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Rice turns love of camping, outdoors into job as host

Frank Rice stands in front of his campsite at Rock Creek Park. As host for the grounds, he makes sure those using the campsites have a pleasurable stay. (Erwin Record Staff Photo by Brad Hicks)

By Brad Hicks

As Frank Rice took his golf cart out for a spin around Rock Creek Park to survey the campsites in his charge, he encountered John, a visitor who was gearing up to head home to Jonesborough after spending a few days in the woods.

Like any good host, Rice asked John how his stay went. The reply was music to Rice’s ears.

“I’d live here year round if you’d let me,” John said.

For much of the year, it is Rice’s responsibility to ensure guests using the park to escape the everyday hustle and bustle have as pleasant a stay as possible.

Rice is in the midst of his seventh season as campground host at Rock Creek Park. In this role, the Erwin native makes himself available to campers 24 hours per day, seven days a week, answering questions and assisting them with any needs that may arise.

For those needing help, Rice’s Rock Creek abode is difficult to miss. Rice’s own recreational vehicle is located at the entrance of the first campground loop. His site appears to be more of a permanent residence than others around the campground. Orange and white chairs can be seen observed on a deck abutting Rice’s camper, fitting in with the University of Tennessee motif that can be seen around the site. Lawn gnomes and small bear ornaments adorn the lot.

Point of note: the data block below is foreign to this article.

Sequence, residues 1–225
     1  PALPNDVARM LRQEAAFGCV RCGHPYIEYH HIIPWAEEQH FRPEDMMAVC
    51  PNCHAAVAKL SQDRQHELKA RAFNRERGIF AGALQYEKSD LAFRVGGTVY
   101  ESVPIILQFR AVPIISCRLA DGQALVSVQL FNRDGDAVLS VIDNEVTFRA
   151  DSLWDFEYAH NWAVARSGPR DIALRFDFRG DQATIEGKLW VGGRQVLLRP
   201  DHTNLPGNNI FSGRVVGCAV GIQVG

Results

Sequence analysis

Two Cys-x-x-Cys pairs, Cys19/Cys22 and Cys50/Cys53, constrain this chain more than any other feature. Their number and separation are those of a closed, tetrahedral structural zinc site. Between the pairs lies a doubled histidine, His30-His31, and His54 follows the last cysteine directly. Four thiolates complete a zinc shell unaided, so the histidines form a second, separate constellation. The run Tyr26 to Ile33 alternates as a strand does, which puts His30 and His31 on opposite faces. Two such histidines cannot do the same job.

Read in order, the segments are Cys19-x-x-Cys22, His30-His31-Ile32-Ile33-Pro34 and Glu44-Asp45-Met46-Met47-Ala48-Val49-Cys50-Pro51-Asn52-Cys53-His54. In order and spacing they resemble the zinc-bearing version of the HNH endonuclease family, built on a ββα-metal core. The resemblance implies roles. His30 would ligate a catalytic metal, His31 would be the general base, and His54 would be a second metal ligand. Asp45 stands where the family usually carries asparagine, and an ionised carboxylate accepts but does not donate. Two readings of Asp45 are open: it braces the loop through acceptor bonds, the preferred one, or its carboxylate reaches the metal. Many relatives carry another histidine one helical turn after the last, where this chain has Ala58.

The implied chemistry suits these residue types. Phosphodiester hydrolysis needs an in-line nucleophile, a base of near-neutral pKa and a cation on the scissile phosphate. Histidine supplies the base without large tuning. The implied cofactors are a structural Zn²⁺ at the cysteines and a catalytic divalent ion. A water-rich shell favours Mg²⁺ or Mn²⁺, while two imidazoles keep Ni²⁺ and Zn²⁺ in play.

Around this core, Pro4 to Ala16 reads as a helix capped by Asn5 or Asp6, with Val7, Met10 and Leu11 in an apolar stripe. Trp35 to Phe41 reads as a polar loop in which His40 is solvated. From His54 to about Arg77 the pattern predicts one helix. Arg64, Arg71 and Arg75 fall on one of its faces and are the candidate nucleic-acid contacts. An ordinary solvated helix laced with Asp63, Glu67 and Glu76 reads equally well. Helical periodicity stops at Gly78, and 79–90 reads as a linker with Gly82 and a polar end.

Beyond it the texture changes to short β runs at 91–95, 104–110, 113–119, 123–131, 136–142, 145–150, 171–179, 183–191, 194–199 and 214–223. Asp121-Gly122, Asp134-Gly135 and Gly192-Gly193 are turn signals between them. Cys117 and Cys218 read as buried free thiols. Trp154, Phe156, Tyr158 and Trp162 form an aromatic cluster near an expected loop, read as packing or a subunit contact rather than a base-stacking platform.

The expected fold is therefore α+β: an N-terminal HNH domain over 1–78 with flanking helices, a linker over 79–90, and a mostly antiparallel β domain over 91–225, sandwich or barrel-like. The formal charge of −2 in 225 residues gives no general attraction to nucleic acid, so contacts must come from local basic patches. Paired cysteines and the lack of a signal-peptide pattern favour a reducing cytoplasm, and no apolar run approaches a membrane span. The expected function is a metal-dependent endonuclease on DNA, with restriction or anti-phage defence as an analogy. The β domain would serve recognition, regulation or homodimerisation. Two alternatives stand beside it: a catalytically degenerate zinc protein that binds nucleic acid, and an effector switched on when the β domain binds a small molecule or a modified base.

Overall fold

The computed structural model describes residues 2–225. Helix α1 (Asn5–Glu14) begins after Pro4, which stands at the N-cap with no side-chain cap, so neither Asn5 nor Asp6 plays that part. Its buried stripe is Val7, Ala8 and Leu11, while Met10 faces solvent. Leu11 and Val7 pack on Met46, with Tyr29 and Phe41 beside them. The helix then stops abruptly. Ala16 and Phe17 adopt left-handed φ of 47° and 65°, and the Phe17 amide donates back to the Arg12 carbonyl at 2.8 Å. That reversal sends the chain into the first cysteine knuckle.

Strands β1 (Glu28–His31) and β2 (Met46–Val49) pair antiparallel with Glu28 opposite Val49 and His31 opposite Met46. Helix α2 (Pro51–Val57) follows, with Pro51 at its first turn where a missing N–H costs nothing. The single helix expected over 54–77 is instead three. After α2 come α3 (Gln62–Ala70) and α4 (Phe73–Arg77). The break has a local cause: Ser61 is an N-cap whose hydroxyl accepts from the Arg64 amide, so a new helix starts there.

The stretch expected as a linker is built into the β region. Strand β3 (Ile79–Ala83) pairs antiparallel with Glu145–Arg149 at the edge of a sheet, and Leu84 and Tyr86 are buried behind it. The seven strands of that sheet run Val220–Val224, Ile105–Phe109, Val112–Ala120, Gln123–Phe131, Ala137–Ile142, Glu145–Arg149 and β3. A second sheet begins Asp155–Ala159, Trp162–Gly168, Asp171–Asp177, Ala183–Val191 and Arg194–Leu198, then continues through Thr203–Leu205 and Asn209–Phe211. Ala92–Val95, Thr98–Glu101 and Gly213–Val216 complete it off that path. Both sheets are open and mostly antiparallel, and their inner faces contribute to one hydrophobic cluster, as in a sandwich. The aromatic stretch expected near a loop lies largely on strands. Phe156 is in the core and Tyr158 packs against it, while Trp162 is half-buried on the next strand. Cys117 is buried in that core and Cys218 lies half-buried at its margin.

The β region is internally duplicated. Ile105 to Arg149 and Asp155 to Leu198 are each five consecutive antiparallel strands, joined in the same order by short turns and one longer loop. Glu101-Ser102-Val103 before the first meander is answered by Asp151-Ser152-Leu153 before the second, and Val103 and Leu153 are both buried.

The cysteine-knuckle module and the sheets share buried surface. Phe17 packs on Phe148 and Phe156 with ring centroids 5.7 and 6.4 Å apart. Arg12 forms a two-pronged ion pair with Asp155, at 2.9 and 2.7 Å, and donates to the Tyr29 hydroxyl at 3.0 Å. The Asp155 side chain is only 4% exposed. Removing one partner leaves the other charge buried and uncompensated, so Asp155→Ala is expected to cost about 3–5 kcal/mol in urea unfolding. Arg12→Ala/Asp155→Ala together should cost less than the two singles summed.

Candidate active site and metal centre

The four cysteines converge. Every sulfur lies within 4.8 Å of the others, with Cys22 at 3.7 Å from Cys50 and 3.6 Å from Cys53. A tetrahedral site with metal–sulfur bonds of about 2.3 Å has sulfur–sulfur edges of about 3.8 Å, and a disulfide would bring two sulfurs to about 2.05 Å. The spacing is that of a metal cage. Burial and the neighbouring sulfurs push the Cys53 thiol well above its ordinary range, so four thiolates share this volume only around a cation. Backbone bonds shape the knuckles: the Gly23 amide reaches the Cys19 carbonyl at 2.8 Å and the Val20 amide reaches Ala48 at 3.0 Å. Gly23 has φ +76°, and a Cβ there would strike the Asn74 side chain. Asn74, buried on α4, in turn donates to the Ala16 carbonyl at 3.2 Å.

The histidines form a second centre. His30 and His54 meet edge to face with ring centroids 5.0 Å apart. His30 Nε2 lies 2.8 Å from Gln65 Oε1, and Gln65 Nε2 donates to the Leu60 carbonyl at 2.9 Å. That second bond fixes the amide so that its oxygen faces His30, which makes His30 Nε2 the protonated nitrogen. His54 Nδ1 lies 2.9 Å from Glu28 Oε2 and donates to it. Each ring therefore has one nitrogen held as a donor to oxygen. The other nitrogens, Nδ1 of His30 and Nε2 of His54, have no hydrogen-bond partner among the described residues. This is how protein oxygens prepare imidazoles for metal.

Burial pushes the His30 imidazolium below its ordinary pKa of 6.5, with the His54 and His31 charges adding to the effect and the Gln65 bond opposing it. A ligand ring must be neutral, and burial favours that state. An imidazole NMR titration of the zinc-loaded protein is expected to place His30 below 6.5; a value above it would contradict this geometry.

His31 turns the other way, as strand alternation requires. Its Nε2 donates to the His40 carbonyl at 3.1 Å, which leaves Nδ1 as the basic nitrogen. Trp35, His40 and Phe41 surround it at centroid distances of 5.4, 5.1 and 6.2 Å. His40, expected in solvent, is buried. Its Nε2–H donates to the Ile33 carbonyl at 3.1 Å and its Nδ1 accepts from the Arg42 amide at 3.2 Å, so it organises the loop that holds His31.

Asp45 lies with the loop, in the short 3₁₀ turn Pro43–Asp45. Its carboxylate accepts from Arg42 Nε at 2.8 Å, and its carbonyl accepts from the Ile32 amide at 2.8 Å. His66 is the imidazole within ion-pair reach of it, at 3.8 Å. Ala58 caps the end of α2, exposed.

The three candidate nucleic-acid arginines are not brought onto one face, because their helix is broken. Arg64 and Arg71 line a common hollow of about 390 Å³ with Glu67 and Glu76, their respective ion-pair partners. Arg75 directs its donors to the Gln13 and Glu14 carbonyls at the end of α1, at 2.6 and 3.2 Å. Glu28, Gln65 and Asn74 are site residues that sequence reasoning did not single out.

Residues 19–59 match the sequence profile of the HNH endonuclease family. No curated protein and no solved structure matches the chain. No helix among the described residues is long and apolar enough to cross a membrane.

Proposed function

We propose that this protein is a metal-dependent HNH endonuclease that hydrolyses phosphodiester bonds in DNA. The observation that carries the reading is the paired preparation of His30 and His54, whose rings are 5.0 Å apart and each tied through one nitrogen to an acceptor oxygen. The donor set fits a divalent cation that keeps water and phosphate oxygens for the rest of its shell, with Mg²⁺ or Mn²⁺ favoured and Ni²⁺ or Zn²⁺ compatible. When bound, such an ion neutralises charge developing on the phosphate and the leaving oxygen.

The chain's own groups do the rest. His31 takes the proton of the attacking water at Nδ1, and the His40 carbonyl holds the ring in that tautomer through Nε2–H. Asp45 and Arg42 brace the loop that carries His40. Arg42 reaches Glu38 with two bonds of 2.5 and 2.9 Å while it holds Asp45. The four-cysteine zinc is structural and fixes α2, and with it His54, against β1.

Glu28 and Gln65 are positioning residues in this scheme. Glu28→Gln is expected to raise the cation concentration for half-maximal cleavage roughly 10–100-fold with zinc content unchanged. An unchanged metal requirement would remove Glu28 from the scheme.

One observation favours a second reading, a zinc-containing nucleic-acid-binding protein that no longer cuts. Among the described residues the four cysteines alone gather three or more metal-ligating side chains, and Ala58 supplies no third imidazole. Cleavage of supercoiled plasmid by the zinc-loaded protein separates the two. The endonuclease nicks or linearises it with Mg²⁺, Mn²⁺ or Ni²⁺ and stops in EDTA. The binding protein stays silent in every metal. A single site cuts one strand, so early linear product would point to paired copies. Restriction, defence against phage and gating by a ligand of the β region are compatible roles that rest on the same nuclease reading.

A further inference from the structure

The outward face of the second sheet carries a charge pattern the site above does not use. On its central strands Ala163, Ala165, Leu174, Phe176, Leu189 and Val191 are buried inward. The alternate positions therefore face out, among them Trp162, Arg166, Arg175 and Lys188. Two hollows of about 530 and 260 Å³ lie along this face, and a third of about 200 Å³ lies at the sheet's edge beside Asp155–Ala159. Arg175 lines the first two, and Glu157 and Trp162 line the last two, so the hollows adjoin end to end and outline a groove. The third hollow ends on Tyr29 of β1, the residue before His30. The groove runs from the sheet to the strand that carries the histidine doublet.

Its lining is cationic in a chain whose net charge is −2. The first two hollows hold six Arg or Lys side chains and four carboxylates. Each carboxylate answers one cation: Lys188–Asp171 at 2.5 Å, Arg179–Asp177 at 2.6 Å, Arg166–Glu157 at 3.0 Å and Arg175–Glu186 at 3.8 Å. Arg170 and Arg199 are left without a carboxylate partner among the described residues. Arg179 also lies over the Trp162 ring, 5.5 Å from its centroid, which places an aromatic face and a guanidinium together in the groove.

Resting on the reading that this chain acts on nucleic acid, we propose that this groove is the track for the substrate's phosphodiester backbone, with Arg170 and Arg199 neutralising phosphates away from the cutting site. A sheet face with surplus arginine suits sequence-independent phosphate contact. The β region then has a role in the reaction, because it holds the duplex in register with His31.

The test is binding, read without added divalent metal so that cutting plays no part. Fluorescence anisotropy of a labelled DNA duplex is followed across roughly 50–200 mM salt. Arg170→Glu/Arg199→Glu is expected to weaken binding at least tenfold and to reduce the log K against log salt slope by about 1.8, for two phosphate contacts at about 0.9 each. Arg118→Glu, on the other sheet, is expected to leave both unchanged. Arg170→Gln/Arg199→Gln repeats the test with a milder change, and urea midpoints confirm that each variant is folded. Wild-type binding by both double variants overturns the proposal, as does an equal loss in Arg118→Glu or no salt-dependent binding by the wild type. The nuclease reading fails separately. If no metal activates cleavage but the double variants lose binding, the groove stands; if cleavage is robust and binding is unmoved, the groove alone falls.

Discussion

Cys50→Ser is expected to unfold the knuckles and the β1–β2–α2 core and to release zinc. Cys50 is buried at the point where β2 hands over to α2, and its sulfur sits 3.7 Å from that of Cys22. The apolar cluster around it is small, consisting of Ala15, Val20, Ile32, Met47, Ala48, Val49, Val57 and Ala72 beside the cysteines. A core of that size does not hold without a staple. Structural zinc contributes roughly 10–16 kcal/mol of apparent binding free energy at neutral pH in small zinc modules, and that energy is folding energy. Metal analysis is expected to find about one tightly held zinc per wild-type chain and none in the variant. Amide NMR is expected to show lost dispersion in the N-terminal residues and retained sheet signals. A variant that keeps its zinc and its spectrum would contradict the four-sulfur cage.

Rice, who retired from NN Inc. around five years ago, has an affinity for spending time in the outdoors and away from the confines of his Erwin home. He and his wife, Margaret, are avid campers, and their hobby has taken them to locales throughout the region and places such as Ohio, Indiana and the Grand Canyon in Arizona.

But it was his own stay at Rock Creek Park that led to Rice securing his current gig as the park’s campground host. One evening, Rice observed the then-campground host removing his camper from the spot reserved for the host. Rice called his wife Margaret to tell her what he had just seen.

Rock Creek Park is part of the U.S. Forest Services Unaka District, which is headquartered in Greenville. Margaret contacted the Greenville office to convey her husband’s interest in filling the campground host post. Margaret was advised by the woman she spoke with that Frank’s name would be added to the list of those wishing to take the spot, but she was told there were six or seven others on the list ahead of him.

“Well, it wasn’t two hours later she called my wife back and said, ‘Could you meet a ranger up here at 1 o’clock?’” Rice said.

Rice said he met with the ranger who inquired how soon Rice could move his camper into the campground host site.

“I said, ‘I can move over there today,’ and he said, ‘OK, move it,’” Rice recalled. “I don’t know what happened to the seven people ahead of us. I have no idea.”

Rice has been Rock Creek Park campground host ever since.

“If I leave, they’ll pick somebody else if and when I leave,” he said. “It’s mine until I want to leave.”